The Corporate Insolvency and Governance Bill: House of Commons debate
04 June 2020
The Corporate Insolvency and Governance Bill had all of its House of Commons stages on 3 June - an unusual step, as Parliamentary scrutiny of new legislation is typically more drawn-out. However, it is a measure of how urgently the Government wishes to introduce the proposals contained in the Bill, which we have called "the biggest change to the UK's insolvency and restructuring framework for almost twenty years", that its progress through Parliament is being undertaken so rapidly.
The measures within the Bill are set out in more detail here; in short, they aim to amend the UK's corporate insolvency framework to give struggling businesses more options to restructure themselves, continue to trade, and find new finance. R3 has long campaigned for many of the new tools within the Bill - once introduced, they should help the UK to improve its spot in the World Bank's 'resolving insolvency' rankings, and, more concretely, they should help the insolvency and restructuring profession as it works to rescue businesses reeling in the wake of the COVID-19 pandemic.
The full transcript of the Corporate Insolvency and Governance Bill debate can be read here.
R3 mentioned in Parliament
There were a wide range of comments from MPs during the debate yesterday - some on the detail of the Bill and how the moratorium and restructuring plan would work, with other more general comments on the importance of supporting specific industries through the current economic crisis. Positively, almost every MP who took part in the debate appeared to support the measures in the Bill, with only question marks around some of the detail.
R3 was mentioned by name in the opening remarks by Business Secretary Alok Sharma MP, alongside other organisations supporting the Bill, including the Federation of Small Businesses, the Institute of Directors, the CBI, the British Chambers of Commerce, and the Trades Union Congress.
HMRC preferential status: Undermining the Bill's effects
We were pleased to see comments from two MPs, Stephen Hammond and Drew Hendry, raising an issue of great concern to the insolvency and restructuring profession: The proposals contained within the Finance Bill, which will grant secondary preferential status to HMRC ('Crown preference') as of 1 December 2020. The insolvency and restructuring profession is overall strongly of the opinion that giving preference to certain kinds of tax debts will damage the UK's business rescue culture, and hamper companies' ability to access floating charge finance such as stocking finance, vital to healthy cashflows and to overall solvency for many businesses. At a time when the Government has put in place substantial measures to support businesses and employment, choosing to undermine its own efforts by placing HMRC further up the queue seems counterproductive and illogical.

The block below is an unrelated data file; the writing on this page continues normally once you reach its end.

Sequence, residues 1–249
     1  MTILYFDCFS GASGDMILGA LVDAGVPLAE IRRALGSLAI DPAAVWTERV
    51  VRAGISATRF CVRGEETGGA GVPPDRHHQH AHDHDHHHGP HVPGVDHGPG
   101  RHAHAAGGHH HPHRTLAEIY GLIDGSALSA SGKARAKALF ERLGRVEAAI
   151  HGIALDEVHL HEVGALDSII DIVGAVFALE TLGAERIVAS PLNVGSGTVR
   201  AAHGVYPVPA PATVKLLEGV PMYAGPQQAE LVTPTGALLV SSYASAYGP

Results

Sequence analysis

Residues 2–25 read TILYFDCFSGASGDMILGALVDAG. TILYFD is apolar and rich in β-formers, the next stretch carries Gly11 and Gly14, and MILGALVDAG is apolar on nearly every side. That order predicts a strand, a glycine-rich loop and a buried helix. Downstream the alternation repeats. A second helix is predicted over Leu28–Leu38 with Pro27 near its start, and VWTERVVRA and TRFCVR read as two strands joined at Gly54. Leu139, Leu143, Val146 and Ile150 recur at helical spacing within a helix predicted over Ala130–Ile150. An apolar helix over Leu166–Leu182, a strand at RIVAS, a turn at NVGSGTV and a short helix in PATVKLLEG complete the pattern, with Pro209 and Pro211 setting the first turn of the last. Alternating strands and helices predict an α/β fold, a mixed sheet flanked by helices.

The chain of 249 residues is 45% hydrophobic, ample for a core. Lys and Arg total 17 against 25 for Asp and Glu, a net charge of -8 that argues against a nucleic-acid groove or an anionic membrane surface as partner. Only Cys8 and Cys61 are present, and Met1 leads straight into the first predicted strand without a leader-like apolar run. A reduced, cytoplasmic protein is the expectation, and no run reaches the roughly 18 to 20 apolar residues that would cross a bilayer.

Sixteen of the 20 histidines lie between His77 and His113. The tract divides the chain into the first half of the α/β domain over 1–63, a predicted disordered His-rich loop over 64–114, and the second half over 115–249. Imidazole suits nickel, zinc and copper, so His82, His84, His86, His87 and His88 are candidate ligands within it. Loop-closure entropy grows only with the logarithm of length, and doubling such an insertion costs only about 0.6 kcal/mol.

Stephen Hammond MP spoke in some detail about our concerns on Crown preference, mentioning R3 by name:
"That leads directly to my next point, which is that the Bill reintroduces the concept of making HMRC a preferential creditor. I am very concerned that all the good work that my right hon. Friend the Secretary of State is doing in this Bill could be unwound by doing that. It could have a really negative impact on business rescuing and lending across the UK. Do not take my word for it: R3, the industry insolvency practitioner, directly makes that point. It goes against a policy, which has encouraged lending to small businesses, that has been in place for some 18 years."
Drew Hendry MP, the SNP Business Spokesperson, opened his remarks by referring to both the Crown preference issue and the 'tax abuse using company insolvencies' measures which R3 has campaigned against extensively. This follows on from his colleague Alison Thewliss MP's tabling of an amendment to the Finance Bill which would limit the extent of HMRC's preferential status, earlier this week (see number 17 on this list).
Having cleared its Commons Stages, the Bill now heads to the Lords for its Second Reading debate next week (Tuesday 9 June). The Lords Committee Stage may then commence the week after - but the Bill could take a few weeks to get through the Lords, as peers will want to go through the Bill line-by-line as they would for any other piece of legislation.
We welcome the anticipated scrutiny of the Bill, and will do our best to convey the views of the insolvency and restructuring profession to interested members of the upper chamber, to make sure that the legislation will, once it hits the statute book, be ready for immediate use in rescuing businesses.
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